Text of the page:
Review of Jericho Road by Icy Snow Blackstone
Color-blind love exposes the sins of flesh and violence.
Past and present embattle Vietnam veteran Wade Conyers’s life. The scars of war and his past relationship with an African-American soldier threaten his marriage to a Southern socialite. Wade’s views of racial equality have already caused a rift with his father. What will happen when his sister’s relationship with a half-Native American unravels the camouflage disguising secret lives, adultery and ultimately murder?
This is the first ever m/f romance I’ve read, and without that context to review it in, I’m not quite sure whether I’m interpreting it as it’s meant to be read. My main feeling is of puzzlement because it doesn’t read like a romance at all to me. I expect a romance to be about a central couple and their tribulations in love, ending up with a happy ending, and although there is a couple in here with that plot, there are several other equally important couples who follow quite different trajectories. To me, it reads more like a family saga, or a study of small town life in the South of America in the Seventies than it does like a romance.
This is not necessarily a bad thing, though! I enjoyed all the interweaving stories in the same way that I would have enjoyed a run of Dallas. There’s a lot of glamour in the setting; the family at the centre of the book are similarly privileged old Southern money, and many are similarly lacking in morals. I found many of the characters very unsympathetic. Marci is bigoted, but she also appears to love her husband entirely because he provides her with sex. When he stops being able to get it up, she moves on to his younger brother. Wade Conyers the fourth (her husband) may well be suffering from PTSD from the incident in which his black best friend and (sort of ) lover died, but to my mind that doesn’t mean that he’s excused from responsibility for the appalling way he treats his wife. Heath Conyers, the younger brother, goes from ‘shy boy’ to ‘slightly scary sexual dominant’ to ‘chivalric rescuer’ in a character arc I couldn’t wrap my head round at all. Wade Conyers the third, (Wade’s father) is a controlling father, bullying husband and member of a white supremacist organisation that gets together to half kill the half-Mohawk Doctor Redhawk, who is going out with his daughter Lindsay Conyers.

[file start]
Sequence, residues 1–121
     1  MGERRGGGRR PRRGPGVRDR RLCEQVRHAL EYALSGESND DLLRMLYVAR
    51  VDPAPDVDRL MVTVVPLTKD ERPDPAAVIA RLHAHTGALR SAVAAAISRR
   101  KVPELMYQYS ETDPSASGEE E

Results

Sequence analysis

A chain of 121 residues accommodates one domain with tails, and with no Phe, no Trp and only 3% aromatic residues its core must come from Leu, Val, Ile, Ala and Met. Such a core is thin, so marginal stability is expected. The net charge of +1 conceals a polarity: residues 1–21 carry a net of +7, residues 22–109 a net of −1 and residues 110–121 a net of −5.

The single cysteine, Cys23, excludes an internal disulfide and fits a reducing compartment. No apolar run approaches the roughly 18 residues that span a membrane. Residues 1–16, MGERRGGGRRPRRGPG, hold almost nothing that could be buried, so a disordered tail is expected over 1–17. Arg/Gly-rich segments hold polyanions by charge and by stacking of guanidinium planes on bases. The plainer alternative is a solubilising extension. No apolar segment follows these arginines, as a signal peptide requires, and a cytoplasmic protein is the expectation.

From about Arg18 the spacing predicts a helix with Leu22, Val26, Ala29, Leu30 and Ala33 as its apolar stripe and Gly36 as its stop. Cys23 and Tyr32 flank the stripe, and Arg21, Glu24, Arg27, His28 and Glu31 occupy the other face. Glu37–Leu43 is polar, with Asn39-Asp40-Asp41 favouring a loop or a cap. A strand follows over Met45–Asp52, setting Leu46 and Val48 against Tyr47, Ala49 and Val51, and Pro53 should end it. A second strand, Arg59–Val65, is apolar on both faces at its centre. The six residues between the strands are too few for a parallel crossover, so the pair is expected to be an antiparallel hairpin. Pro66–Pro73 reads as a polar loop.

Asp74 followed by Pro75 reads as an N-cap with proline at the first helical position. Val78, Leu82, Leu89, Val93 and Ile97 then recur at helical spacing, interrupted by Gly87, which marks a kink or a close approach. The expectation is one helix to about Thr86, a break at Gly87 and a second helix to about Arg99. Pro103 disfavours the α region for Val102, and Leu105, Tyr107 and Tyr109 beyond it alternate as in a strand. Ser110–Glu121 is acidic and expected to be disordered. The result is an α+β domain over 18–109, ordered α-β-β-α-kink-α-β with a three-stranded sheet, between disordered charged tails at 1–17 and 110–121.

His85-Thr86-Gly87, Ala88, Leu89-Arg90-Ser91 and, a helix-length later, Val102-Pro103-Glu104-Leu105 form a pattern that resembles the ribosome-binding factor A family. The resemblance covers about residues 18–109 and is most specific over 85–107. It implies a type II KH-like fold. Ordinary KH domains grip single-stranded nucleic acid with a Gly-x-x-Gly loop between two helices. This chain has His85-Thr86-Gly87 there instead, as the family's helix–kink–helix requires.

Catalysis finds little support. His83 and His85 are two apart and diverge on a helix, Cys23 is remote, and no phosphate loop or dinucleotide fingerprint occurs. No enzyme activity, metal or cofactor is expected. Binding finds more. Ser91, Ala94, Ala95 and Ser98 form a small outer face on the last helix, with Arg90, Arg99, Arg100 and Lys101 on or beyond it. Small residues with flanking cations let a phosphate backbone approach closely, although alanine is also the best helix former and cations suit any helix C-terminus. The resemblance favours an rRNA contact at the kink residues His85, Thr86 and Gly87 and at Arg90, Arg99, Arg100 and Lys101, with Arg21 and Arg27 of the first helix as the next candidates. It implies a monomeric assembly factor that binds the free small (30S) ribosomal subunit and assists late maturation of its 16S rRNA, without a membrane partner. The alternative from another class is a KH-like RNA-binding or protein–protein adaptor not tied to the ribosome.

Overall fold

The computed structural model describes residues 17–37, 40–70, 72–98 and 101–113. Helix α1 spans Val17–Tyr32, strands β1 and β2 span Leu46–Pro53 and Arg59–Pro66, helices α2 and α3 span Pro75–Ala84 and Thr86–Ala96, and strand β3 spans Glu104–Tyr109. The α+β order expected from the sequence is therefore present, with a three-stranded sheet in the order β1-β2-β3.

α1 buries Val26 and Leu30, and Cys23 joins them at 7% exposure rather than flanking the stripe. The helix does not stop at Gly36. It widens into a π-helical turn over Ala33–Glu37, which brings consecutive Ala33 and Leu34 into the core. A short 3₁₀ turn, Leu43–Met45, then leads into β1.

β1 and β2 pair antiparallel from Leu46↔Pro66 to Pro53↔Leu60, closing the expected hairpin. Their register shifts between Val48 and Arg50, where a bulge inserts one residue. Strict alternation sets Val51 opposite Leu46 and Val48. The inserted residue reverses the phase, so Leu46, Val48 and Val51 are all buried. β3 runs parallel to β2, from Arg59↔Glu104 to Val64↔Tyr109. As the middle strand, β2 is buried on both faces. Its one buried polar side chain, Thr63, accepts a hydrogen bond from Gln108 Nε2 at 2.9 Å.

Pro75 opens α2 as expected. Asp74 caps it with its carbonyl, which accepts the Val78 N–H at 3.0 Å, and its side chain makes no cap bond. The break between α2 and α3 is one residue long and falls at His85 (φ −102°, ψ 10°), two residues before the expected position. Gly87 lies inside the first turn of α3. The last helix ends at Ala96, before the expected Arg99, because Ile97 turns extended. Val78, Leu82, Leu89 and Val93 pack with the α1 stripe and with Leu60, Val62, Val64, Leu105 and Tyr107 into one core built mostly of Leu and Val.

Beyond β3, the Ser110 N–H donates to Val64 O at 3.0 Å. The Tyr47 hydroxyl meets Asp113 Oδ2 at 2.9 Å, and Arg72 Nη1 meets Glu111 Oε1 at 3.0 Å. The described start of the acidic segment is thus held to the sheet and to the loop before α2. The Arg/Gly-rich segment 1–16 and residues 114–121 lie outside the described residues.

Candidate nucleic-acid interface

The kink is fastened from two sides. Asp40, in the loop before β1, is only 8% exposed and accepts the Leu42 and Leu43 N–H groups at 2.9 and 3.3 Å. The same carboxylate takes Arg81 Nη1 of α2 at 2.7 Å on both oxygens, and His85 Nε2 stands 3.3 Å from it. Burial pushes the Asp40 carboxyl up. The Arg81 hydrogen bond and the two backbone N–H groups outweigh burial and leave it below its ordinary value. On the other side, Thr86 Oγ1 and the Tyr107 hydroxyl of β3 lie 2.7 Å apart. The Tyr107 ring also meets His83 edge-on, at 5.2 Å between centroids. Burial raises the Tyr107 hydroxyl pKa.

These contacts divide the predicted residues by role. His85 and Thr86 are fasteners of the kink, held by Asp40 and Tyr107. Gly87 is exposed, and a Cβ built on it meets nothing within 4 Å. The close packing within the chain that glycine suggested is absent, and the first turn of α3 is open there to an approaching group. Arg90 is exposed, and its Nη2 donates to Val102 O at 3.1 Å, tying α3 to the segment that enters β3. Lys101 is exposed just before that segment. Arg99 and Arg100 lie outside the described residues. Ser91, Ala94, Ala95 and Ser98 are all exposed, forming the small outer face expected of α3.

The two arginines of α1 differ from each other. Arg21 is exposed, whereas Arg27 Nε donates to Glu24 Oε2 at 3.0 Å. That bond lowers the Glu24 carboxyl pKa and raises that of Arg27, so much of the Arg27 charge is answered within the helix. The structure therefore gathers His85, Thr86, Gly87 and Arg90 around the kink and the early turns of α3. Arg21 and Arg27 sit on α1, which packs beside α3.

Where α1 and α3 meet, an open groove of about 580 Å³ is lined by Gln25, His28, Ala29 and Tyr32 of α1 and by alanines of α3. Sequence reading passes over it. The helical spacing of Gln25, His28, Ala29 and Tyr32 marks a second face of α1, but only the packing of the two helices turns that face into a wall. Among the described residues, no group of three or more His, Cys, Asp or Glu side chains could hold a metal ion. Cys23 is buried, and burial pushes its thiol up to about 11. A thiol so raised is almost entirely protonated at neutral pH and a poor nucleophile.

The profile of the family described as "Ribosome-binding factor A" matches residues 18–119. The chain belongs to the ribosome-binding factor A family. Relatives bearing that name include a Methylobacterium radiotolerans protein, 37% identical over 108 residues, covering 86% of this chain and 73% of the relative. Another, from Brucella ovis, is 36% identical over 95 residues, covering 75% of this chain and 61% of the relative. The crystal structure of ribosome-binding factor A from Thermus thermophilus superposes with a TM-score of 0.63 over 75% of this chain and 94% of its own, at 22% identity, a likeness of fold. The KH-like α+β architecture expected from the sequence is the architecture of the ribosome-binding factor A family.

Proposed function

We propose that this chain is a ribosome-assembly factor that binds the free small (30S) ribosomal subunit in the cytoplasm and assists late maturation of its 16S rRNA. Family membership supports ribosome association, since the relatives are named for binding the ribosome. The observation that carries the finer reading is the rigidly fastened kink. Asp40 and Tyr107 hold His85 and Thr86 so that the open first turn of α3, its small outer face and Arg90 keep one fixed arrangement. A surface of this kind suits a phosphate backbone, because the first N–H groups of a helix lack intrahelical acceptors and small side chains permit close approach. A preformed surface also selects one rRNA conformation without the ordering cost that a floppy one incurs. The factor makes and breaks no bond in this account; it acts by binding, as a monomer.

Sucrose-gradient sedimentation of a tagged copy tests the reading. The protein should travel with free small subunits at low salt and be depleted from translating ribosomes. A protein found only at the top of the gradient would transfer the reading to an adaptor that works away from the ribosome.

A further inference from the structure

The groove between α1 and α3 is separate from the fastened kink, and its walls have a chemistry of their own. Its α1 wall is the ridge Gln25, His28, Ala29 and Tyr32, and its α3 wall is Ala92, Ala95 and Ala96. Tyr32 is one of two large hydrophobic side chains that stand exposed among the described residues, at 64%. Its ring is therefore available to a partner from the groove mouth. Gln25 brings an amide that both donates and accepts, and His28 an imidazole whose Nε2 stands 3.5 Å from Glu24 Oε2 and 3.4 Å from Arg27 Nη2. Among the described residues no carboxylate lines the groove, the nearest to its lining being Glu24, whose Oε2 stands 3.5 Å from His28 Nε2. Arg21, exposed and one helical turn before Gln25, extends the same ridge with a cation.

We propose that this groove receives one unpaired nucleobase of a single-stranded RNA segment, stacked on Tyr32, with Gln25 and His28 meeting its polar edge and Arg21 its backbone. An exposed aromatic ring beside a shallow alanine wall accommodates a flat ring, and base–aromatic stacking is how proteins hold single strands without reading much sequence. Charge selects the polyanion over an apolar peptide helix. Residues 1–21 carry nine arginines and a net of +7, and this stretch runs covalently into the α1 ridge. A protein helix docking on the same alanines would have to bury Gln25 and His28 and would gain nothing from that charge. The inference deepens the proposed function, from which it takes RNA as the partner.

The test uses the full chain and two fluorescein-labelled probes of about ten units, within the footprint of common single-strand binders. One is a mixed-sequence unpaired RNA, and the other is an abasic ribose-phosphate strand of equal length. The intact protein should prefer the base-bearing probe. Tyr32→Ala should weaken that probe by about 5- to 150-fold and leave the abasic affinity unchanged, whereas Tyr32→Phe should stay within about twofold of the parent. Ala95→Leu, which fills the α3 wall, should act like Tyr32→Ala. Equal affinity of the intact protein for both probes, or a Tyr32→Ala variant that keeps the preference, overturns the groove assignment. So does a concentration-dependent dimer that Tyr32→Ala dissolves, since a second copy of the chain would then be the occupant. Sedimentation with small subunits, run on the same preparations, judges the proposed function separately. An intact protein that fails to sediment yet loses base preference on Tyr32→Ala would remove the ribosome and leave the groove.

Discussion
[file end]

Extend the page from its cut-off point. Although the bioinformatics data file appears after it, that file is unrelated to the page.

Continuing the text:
Confused yet? Surprisingly, you won’t be when you read the book, because all of these separate characters and plot lines are very skilfully woven together to make a tapestry that keeps you reading on, enthralled. I can’t say I liked many of the characters in the book, though the ‘romantic’ couple – Logan Redhawk and Lindsay Conyers – came the closest. But that didn’t matter to me because I was thoroughly engrossed in the goings on and wanted to find out what happened next. And that is a major achievement, I think, given that I normally don’t like m/f relationships *or* soap opera.
I see that the Coffee Time Romance reviewer has said “this story has an overall storyline that is very similar to a Shakespearian tragedy,” and I would agree. The ending very much reminded me of Hamlet, and I loved the way that all the storylines came together to produce it.
So, I’m in the strange position that I thoroughly enjoyed the book, but I’m not entirely sure why. I have to guess that it’s sheer storytelling verve and ability on the part of the author. A very good result indeed for my first ever het romance 🙂